The development of the core category • Glaser (1978) highlights the importance of the core category for grounded theory: [t]he generation of theory occurs around a core category. Without a core category an effort of grounded theory will drift in relevancy and workability (Glaser 1978: 93). • The core category accounts for most of the variation of data and therefore most other categories relate to it in some way. • The core category is a more highly abstracted category but still must remain grounded in the data. The major categories are related to the core category and these categories show how the core category works in the lives of participants. • How it is developed is a bit vague!
Saturation of concepts • Theoretical saturation of concepts is the point at which the data collection and analysis cycle can conclude • ‘saturation means that no additional data are being found whereby the sociologist can develop the properties of the category’ Glaser and Strauss (1967: 61) • Does not mean exhaustion of data sources (which Dey labels sufficiency rather than saturation) rather than full development of a category.
Saturation of concepts • How to judge when theoretical saturation has been reached – new conceptualisation may be waiting just round the corner or new data or a re-examination of current data may throw up a new conceptual perspective • Research is often governed by practicalities – resources and time • Theoretical narrowing during data collection, using theoretical sampling and sensitivity, with all properties of a category being explored, will limit the unpredictability of new theoretical developments being identified to some extent.
Rigour • ‘Weaknesses in using the method have become equated with weaknesses inherent in the method’ (Charmaz 1990: 1164). • Grounded theory has its own criteria for assessing the rigour or quality of the study (Glaser 1978): – Fit and relevance - how well do the categories relate to the data and derives from constant comparison and conceptualisation of the data – Workability – refers to the integration of the categories into the core category that emerges – Modifiability – refers to ensuring that all the concepts that are important to the theory are incorporated into it by the constant comparison process. A modifiable theory can be altered when new relevant data is compared to existing data ‘plausible stories’ (Strong 1979; Melia 1987).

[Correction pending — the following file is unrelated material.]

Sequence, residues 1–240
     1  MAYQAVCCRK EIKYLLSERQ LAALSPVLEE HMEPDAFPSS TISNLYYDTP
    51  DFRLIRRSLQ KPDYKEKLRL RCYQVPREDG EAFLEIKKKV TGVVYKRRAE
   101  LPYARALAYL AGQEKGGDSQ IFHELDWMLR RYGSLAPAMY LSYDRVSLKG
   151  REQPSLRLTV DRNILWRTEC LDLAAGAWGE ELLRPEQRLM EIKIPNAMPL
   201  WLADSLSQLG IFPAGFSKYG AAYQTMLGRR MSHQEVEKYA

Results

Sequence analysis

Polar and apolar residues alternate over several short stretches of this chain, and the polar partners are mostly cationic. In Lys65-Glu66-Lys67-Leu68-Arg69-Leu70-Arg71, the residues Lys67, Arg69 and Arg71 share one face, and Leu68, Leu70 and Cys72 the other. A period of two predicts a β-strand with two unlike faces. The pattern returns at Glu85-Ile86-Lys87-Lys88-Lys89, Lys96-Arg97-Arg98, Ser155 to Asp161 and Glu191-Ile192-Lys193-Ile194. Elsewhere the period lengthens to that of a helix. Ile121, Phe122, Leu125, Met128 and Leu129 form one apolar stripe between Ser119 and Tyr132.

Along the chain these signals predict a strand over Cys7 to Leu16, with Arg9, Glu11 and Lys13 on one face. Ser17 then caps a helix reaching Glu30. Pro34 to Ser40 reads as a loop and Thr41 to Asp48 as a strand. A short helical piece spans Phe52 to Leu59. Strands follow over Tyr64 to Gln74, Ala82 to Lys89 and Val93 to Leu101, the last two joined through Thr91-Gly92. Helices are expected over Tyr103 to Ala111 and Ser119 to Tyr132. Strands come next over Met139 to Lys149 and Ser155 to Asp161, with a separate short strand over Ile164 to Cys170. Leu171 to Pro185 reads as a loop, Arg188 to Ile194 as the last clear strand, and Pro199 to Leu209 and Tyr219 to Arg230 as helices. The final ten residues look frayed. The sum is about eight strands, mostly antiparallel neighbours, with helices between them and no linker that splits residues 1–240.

‘Between you and me’: Patients’ views of nurses’ competence Calman L. (2006). Patients' views of nurse competence. Nurse Education Today, 26, 719-725.
Data generation • Four Stages – Defining key concepts – preliminary data collection and analysis, eight interviews with patients in acute clinical areas – Making sense of the first eight interviews – Development of theoretical sampling strategy focusing the interview – Theoretical sampling in action – 19 interviews with experienced patients - further theoretical generation Social processes emerging from study after preliminary interviews
Overview of Theory ‘KNOWING THE RECOGNISING REFLECTING ON GOOD NURSING: PROFESSIONAL SCORE’/ COMPETENCE: ACTIONS, BECOMING A DOES THE ROLES & PATIENT NURSE KNOW VALUES BEST?
YOU AND ME’ –PERCEPTIONS OF COMPETENCE: PUBLIC AND PRIVATE. A CORE CATEGORY
References Charmaz K (1990) ‘Discovering’ chronic illness: Using grounded theory Social Science and Medicine 30(11):1161-1172 Charmaz K (2006) Constructing Grounded Theory: A Practical Guide through Qualitative Analysis London Sage Publications Crooks DL (2001) The importance of symbolic interaction in grounded theory research on women’s health Health Care for Women International 22,11-27 Dey I (1999) Grounding Grounded Theory Guidelines for Qualitative Inquiry, San Diego: Academic Press. Glaser BG Strauss AL (1967) The discovery of grounded theory: Strategies for qualitative research New York: Aldine de Gruyter Glaser BG (1978) Theoretical sensitivity, California, The Sociology Press Glaser BG (1992) Basics of grounded theory analysis Emergence vs. forcing California: Sociology Press Melia, K M (1996) Rediscovering Glaser, Qualitative Health Research 6(3) 368-373. Strauss A Corbin J (1990) Basics of qualitative research Grounded theory procedures and techniques Newbury Park: Sage Publications Strauss A Corbin J (1998) Basics of qualitative research techniques and procedures for developing grounded theory Second edition Thousand Oaks: Sage